Skip to main content

View Diary: Historic SpaceX Launch Scheduled for Tomorrow Morning (+Sweet Rocket Pics) (30 comments)

Comment Preferences

  •  Definitely (1+ / 0-)
    Recommended by:
    Troubadour

    It'd be Bad to launch retrograde. I am not aware of any satellite that is in an equatorial retrograde orbit, although there are some that are near-polar which are in a retrograde orbit (these are known as sun-synchronous satellites).

    •  How does one define a retrograde polar orbit? (0+ / 0-)

      You mean the orthogonal component is toward the West, or is there some arbitrary prograde direction in polar orbits?

      Always apart, always asking Why.

      by Troubadour on Sat Sep 28, 2013 at 02:23:05 PM PDT

      [ Parent ]

      •  ns (1+ / 0-)
        Recommended by:
        Troubadour

        Not polar, but rather "near" polar, i.e. inclinations around 87 degrees or so. One could consider such orbits as "posigrade" orbits with an inclination of 93ish degrees, but orbital mechanics buffs would stab ya :) Inclination is usually defined in the range of -90 < i < 90 degrees, so exceeding that range in either direction just makes an ordinarily-posigrade orbit into a retrograde orbit.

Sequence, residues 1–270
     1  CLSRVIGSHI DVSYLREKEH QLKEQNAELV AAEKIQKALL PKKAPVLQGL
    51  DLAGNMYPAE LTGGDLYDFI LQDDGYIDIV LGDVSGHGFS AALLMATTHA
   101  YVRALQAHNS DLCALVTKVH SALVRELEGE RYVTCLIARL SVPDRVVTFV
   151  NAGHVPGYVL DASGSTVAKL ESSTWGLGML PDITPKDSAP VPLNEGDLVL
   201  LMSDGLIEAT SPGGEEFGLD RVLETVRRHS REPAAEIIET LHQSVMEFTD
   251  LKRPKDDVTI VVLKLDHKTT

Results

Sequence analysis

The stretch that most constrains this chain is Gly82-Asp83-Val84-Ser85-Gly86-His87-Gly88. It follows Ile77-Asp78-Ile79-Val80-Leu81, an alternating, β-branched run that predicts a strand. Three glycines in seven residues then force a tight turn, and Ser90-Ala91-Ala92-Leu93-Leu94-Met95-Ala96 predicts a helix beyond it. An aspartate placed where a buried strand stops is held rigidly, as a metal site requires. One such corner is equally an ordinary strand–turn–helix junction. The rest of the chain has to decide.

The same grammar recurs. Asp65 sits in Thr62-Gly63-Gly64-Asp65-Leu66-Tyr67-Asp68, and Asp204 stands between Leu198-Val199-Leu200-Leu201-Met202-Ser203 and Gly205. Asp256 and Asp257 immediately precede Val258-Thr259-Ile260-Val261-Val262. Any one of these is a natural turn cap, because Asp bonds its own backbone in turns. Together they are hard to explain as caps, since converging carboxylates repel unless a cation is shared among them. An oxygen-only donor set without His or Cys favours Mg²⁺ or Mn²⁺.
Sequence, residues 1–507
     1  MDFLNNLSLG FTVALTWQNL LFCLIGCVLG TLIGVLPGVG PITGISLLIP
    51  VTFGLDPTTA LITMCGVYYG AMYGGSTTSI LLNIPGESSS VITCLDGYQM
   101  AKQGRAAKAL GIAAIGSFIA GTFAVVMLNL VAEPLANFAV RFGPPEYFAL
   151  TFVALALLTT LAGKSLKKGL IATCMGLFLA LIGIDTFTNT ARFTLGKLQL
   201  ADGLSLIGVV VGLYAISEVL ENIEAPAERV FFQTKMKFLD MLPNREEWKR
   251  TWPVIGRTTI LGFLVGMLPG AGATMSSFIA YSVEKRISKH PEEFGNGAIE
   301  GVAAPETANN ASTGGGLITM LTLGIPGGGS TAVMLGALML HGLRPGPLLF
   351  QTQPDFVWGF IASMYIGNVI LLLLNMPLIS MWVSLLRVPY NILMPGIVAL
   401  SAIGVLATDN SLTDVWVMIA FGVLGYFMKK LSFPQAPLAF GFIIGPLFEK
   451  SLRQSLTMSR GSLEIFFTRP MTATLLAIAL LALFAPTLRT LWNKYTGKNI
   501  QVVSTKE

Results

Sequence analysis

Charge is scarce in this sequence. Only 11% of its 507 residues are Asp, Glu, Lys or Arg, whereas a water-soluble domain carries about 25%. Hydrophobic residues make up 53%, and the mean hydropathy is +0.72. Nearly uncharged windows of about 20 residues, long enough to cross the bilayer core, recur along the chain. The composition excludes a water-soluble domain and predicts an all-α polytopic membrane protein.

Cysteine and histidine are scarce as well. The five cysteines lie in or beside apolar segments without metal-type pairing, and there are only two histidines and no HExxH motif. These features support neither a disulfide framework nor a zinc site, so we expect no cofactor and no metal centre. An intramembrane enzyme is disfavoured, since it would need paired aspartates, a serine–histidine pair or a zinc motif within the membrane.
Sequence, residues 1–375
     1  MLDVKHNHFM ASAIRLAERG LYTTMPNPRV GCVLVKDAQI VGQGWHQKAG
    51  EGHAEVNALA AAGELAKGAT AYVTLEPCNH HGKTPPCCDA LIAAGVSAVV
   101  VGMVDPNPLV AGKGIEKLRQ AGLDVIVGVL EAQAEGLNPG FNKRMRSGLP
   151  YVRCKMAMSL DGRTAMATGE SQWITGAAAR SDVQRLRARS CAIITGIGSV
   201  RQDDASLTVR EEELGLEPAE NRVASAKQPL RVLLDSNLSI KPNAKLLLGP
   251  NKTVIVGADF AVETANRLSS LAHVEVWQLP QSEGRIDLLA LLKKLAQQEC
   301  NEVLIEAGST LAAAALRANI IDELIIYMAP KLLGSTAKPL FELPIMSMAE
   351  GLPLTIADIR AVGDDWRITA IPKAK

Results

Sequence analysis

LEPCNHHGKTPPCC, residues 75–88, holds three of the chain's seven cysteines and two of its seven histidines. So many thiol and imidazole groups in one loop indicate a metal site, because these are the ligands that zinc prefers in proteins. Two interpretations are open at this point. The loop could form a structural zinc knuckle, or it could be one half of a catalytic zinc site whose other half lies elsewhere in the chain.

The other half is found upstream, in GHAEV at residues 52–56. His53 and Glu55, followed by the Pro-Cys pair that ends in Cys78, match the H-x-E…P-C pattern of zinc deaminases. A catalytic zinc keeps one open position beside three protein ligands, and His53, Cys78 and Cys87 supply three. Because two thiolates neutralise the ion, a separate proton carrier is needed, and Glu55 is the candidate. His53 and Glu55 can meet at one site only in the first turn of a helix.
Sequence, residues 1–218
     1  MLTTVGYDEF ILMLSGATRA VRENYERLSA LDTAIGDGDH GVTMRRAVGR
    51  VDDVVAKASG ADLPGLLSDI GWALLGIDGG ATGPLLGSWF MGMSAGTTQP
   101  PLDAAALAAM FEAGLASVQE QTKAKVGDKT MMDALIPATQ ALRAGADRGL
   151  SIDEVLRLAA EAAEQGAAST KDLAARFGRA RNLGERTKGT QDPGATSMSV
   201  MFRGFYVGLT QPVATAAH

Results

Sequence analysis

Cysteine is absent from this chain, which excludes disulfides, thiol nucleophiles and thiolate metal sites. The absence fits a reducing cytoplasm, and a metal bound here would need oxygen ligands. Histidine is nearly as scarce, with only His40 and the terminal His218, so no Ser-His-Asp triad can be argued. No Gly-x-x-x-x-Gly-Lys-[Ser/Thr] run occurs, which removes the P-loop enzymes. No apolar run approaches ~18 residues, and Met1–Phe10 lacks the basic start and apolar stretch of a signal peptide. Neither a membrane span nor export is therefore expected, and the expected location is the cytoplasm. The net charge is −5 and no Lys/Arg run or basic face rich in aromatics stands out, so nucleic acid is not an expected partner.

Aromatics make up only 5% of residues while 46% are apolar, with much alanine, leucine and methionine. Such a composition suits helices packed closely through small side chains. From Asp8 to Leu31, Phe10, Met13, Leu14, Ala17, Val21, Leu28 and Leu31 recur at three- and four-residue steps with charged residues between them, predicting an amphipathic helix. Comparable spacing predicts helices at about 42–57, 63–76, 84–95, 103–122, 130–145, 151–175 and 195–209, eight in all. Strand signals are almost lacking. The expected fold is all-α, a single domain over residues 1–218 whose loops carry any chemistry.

•  So it is just the equatorial component (0+ / 0-)

          that defines pro/retrograde in a polar context?

          Always apart, always asking Why.

          by Troubadour on Sat Sep 28, 2013 at 03:20:29 PM PDT

          [ Parent ]

          •  Yep! (1+ / 0-)
            Recommended by:
            Troubadour

            I'm not sure what they call perfectly polar orbits, though. I think they just use the inclination to differentiate between a south-->north orbit or a north-->south orbit. One would have 90 degrees (the north-->south one) and the other -90 degrees (south-->north).

            But one interesting tidbit is that a sun-synchronous satellite would not be sun-synchronous if it had an orbital inclination of 87 degrees. They have to be retrograde, otherwise the effect they're exploiting would no longer work. So in other words, I can't imagine why we'd want to launch something into an 87 degree orbit!

            •  The geometry of that escapes me. (0+ / 0-)

              I'll just take your word for it.

              Always apart, always asking Why.

              by Troubadour on Sat Sep 28, 2013 at 03:40:57 PM PDT

              [ Parent ]

              •  ns (1+ / 0-)
                Recommended by:
                Troubadour

                Well, it's exploiting the obliquity of the Earth in order to change the orbit's right ascension of the ascending node in such a way that the vector normal to the orbital plane does not change its orientation with respect to the sun. (This change in the right ascension happens in all orbits, so they feel that they might as well exploit it if they want to keep a satellite perpetually in sunlight or something.)

Subscribe or Donate to support Daily Kos.

Click here for the mobile view of the site